PATRIZIO CIVILI, Assistant Secretary-General for Policy Coordination and Inter-Agency Affairs, said there was a great deal of expectation as to the crucial contribution that ECOSOC could make towards the achievement of the internationally agreed development goals, in particular the Millennium Development Goals.  The Council would have to be a force that would impart continuing political momentum to the effort, and at the same time, a force that would give the follow-up and integration processes strong policy and analytical substantive roots.  But reaping the promise that those functions carried would require the Council and its entire subsidiary to come together.  The conferences that together produced the development agenda each focused on a particular development issue and generated its own follow-up mechanisms and consistency to advancing implementation of its outcome.  Those processes would have to be conducted in the awareness that each of the issues being addressed and each of the agreed goals simply could not be separated from other economic, social or environmental aspects of development. 

    Positive synergies, mutually reinforcing policies and actions were a sine qua non as one moved from setting lines of action and targets to achieving actual results and monitoring actual outcomes.  It would be a challenge to relate the work programme and priorities of the functional commissions systematically and in a balanced way to the core policy areas contained in the United Nations Development Agenda.  The aim should be to avoid duplication, while ensuring that those commissions that dealt with closely related parts of the agenda built stronger synergies among themselves and contributed effectively to both the Annual Ministerial Review and the Development Cooperation Forum in a coherent and purposeful way.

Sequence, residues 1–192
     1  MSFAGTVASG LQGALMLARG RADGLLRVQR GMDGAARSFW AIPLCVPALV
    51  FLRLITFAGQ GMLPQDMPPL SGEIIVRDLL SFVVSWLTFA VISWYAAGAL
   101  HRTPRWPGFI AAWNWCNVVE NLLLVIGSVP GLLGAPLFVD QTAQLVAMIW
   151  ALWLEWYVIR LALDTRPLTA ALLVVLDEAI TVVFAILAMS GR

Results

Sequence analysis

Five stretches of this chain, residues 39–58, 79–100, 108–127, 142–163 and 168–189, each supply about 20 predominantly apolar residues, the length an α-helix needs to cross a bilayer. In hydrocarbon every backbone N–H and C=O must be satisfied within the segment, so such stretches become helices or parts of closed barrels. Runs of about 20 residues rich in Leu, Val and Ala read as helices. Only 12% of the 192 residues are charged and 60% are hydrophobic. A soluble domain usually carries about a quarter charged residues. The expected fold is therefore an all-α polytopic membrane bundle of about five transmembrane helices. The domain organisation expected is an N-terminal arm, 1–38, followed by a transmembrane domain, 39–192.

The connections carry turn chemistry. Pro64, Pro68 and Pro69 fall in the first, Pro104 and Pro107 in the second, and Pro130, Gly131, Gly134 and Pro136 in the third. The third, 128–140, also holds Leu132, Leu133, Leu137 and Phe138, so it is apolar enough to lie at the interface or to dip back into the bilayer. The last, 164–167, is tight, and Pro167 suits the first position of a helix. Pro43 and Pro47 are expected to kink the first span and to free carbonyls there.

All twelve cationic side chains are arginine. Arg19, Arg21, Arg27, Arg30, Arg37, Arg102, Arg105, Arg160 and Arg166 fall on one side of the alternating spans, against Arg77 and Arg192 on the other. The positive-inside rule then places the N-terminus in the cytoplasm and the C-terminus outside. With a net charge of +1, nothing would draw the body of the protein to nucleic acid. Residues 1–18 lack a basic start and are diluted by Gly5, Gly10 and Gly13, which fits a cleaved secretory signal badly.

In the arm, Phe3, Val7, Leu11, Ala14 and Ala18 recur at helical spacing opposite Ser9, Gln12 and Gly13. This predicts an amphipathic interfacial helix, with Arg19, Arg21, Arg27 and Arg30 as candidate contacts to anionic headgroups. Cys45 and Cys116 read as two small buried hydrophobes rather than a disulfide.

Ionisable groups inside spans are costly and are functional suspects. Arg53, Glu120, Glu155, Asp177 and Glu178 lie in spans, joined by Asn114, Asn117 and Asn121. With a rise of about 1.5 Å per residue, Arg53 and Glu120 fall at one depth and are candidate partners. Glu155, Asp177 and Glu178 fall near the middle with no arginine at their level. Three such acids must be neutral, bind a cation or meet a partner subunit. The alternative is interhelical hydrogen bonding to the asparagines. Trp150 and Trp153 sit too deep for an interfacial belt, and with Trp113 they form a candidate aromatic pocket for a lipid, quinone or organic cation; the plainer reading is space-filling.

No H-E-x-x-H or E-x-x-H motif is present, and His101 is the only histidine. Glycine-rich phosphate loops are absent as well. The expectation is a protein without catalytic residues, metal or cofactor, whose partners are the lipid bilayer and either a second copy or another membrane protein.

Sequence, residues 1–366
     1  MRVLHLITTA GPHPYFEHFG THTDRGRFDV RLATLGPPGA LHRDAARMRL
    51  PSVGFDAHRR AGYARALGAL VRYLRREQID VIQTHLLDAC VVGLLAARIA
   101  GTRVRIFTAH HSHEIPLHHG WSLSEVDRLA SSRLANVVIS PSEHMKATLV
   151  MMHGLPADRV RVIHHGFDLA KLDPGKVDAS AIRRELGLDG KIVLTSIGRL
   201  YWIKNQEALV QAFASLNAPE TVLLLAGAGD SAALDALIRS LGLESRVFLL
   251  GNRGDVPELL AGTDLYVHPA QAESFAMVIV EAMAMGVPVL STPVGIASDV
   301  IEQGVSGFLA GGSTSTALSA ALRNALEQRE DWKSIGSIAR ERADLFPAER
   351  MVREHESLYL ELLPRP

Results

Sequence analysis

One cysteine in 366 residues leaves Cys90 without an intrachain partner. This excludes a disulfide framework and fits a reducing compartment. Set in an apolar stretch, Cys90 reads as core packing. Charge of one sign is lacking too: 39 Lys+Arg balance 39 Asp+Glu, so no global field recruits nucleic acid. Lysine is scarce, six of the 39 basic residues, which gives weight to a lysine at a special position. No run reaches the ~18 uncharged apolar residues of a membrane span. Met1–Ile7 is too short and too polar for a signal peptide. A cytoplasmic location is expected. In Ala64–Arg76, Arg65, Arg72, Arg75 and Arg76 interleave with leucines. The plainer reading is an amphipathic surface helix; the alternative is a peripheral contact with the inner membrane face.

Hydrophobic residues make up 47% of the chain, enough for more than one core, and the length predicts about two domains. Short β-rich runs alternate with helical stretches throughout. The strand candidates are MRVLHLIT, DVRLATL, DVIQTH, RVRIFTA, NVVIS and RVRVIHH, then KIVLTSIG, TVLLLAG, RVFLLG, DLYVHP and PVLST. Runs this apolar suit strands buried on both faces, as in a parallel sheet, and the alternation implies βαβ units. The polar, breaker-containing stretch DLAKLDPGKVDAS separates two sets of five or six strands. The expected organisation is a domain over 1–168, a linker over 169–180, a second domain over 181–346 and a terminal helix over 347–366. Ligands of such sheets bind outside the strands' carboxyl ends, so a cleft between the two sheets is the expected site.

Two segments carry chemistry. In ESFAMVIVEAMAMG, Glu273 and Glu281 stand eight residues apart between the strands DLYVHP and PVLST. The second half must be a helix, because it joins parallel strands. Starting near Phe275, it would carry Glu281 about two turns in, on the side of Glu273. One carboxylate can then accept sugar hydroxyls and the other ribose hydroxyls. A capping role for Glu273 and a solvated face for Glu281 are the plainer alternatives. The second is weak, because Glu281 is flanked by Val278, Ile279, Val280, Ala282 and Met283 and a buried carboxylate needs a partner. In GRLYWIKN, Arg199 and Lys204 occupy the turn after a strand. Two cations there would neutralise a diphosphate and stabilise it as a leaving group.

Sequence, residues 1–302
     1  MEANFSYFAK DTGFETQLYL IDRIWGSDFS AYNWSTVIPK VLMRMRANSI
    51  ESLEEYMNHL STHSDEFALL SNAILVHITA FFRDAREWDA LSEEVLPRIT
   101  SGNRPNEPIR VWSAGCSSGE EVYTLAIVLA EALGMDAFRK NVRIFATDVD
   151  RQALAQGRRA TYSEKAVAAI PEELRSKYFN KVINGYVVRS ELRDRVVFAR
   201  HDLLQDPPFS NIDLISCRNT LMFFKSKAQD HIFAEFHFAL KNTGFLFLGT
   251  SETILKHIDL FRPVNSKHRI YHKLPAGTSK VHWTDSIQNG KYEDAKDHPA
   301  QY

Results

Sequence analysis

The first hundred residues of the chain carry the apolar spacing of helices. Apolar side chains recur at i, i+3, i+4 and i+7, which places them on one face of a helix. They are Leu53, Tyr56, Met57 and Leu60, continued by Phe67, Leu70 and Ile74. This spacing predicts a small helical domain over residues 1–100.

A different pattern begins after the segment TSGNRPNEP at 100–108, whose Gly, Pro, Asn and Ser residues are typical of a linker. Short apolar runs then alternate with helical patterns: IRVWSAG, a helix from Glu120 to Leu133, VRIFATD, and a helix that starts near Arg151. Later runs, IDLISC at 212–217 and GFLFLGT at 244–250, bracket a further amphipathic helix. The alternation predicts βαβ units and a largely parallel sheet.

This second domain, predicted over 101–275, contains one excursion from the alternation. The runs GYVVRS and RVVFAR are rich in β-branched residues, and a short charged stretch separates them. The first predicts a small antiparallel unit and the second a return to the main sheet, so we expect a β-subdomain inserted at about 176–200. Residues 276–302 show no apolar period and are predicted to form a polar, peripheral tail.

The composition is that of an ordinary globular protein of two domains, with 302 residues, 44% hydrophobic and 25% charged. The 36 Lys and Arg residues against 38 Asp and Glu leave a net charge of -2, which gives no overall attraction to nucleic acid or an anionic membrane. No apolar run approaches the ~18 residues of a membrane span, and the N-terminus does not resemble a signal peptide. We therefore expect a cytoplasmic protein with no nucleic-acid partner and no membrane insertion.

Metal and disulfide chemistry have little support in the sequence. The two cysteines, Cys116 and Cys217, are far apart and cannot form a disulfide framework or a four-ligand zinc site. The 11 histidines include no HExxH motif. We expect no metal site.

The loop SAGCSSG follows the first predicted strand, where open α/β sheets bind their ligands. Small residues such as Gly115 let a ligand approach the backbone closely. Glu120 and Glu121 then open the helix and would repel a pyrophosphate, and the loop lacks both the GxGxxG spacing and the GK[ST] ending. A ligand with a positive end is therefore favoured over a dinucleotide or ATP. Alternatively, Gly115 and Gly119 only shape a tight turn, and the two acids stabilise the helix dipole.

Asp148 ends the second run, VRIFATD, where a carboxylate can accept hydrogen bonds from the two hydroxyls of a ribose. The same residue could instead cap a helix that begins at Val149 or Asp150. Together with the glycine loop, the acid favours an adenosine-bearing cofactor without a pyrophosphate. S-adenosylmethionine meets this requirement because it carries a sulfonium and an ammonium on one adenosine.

PABLO MACEDO (Mexico), speaking on behalf of the Chairman of the Statistical Commission, said the Commission continued to be the apex body of the global statistical system.  The Commission retained a technical role, thus contributing to the Council's ambitious agenda fruitfully.  The unified implementation of the United Nations Development Agenda needed to be supported by unified statistics in order to ensure meaningful progress over time and across countries.  The Commission had been working hard to live up to the mandate of serving as an intergovernmental focal point for the harmonization and rationalization of indicators, and this was an ever-pressing task.  In the past year, the Commission had conducted a comprehensive analysis of the ability of member countries to collect indicators allowing for progress towards the Millennium Development Goals.  The results had been alarming, and it would be necessary for many to strengthen statistical ability, and a resolution had been suggested to this effect.

    As a measure to address serious issues, Member States should increase their efforts to strengthen national capacity, with the aim of empowering national statistical systems to compile their own national data in agreement with international statistical standards.  On the important topic of cooperation between national statistical offices, a large number of international organizations had committed themselves to a series of professional principles, covering confidentiality and equal access, among other things, and the Commission was asking for practical implementation of these principles.  The Commission had a standing agenda item on implications of the Council's decisions, and contributed to the work of other functional commissions.  The Statistical Commission was committed to making a technical contribution to the work of the Council.